Background To analyse 5-year cost-effectiveness of early versus optional delayed acute anterior cruciate ligament (ACL) reconstruction.
Methods 121 young, active adults with acute ACL injury to a previously uninjured knee were randomised to early ACL reconstruction (n=62, within 10 weeks of injury) or optional delayed ACL reconstruction (n=59; 30 with ACL reconstruction within 6–55 months); all patients received similar structured rehabilitation. Real life data on health care utilisation and sick leave were obtained from regional and national registers. Costs and quality-adjusted life years (QALYs) were discounted at 3%. Full-analysis set (based on study randomisation) and as-treated analysis (according to actual treatment over 5 years) principles were applied.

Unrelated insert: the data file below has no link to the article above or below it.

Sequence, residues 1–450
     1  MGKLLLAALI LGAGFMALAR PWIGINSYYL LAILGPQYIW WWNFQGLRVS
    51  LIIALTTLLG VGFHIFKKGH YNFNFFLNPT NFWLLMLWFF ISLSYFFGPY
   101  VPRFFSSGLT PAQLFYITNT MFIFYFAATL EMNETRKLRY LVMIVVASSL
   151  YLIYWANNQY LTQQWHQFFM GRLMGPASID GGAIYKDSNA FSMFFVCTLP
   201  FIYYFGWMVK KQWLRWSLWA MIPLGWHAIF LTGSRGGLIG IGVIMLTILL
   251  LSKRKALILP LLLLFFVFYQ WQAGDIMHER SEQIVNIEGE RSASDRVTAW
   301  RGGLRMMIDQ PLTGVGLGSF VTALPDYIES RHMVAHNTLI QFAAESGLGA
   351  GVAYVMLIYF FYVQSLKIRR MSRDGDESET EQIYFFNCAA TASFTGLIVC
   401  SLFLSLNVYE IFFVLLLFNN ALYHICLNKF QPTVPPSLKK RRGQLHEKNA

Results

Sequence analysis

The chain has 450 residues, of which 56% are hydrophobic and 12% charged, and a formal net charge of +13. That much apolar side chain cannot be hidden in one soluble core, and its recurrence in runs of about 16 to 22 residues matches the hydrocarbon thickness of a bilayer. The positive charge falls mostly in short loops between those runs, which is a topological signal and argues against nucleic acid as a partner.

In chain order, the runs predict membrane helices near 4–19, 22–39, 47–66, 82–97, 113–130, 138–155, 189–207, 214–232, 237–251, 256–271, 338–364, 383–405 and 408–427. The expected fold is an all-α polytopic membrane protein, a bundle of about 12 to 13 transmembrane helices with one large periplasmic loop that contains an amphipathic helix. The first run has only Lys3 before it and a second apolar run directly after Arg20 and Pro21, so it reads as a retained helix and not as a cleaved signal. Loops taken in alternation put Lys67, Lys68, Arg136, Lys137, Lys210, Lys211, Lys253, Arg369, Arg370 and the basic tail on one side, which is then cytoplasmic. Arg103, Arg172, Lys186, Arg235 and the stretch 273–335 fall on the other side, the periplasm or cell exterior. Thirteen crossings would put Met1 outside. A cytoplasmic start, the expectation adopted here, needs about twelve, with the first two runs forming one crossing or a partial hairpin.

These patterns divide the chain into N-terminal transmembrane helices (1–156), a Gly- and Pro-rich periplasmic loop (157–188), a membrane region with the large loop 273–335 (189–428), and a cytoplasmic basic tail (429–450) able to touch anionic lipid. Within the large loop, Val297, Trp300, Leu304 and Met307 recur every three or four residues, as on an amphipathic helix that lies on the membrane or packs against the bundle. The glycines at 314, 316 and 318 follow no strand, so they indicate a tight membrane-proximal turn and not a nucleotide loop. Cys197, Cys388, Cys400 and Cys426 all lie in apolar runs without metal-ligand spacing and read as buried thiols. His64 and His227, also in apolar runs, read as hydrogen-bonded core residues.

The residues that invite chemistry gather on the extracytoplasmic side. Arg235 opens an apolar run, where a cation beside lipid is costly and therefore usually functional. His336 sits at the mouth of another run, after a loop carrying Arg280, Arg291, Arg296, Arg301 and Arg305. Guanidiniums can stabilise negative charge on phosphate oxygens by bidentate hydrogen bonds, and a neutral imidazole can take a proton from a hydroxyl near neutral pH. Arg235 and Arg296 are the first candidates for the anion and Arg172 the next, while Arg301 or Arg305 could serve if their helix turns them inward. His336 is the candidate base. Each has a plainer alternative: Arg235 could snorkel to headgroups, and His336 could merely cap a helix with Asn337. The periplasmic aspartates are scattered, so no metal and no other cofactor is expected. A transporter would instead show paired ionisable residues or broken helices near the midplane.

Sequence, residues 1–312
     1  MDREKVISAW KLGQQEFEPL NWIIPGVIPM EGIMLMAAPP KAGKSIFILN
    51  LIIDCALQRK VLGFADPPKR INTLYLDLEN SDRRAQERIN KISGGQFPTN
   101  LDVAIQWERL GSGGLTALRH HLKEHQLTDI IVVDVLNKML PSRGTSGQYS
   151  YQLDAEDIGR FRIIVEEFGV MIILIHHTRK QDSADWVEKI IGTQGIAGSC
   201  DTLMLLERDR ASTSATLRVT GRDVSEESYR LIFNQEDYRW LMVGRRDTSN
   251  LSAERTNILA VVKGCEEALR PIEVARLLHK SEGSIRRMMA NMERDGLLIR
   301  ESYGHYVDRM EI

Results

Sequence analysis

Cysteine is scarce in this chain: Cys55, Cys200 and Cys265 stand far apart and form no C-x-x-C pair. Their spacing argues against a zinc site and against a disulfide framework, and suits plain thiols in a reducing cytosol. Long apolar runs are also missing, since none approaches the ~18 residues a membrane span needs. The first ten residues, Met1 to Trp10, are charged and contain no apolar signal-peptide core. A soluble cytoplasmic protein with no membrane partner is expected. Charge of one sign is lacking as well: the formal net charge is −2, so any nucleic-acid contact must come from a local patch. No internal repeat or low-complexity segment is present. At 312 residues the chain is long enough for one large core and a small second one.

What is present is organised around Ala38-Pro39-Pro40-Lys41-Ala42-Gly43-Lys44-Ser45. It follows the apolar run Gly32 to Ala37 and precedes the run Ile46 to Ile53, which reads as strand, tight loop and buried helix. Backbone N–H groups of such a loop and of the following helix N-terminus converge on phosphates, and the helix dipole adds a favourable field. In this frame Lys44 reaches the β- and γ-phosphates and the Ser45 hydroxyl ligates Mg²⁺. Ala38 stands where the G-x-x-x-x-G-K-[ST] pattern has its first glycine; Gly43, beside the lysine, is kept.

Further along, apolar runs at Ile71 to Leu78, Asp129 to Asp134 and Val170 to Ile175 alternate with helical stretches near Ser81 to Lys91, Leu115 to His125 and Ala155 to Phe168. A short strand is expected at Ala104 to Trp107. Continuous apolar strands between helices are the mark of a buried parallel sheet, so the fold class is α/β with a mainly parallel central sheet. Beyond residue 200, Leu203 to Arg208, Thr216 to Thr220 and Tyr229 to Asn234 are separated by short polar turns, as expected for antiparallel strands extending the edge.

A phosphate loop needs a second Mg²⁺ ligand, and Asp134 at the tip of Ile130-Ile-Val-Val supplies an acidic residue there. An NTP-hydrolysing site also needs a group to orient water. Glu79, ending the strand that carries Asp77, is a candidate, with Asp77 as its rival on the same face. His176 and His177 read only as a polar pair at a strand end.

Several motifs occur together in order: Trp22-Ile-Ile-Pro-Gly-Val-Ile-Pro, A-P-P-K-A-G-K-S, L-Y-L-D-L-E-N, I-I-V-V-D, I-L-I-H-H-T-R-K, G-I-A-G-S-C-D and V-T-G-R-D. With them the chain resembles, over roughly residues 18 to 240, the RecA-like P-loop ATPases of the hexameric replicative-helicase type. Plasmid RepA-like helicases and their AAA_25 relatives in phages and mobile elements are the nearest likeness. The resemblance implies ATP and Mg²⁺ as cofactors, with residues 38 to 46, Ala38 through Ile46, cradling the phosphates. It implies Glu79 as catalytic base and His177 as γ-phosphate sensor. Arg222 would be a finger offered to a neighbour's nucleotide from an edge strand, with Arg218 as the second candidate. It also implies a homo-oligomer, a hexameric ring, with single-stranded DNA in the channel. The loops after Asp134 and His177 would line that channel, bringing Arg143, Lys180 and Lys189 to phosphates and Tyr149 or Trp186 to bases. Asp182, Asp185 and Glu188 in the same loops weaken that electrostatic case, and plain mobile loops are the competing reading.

Results Mean cost of early ACL reconstruction was €4695 higher than optional delayed ACL reconstruction (p=0.19) and provided an additional 0.13 QALYs (p=0.11). Full-analysis set showed incremental net benefit of early versus optional delayed ACL reconstruction was not statistically significantly different from zero at any level. As-treated analysis showed that costs for rehabilitation alone were €13 650 less than early ACL reconstruction (p<0.001). Results were robust to sensitivity analyses.
Conclusions In young active adults with acute ACL injury, a strategy of early ACL reconstruction did not provide extra economic value over a strategy of optional delayed ACL reconstruction over a 5-year period. Results from this and previous reports of the KANON-trial imply that early identification of individuals who would benefit from either early ACL reconstruction or rehabilitation alone might reduce resource consumption and decrease risk of unnecessary overtreatment.
Trial registration ISRCTN84752559.
- Knee ACL
- Randomised controlled trial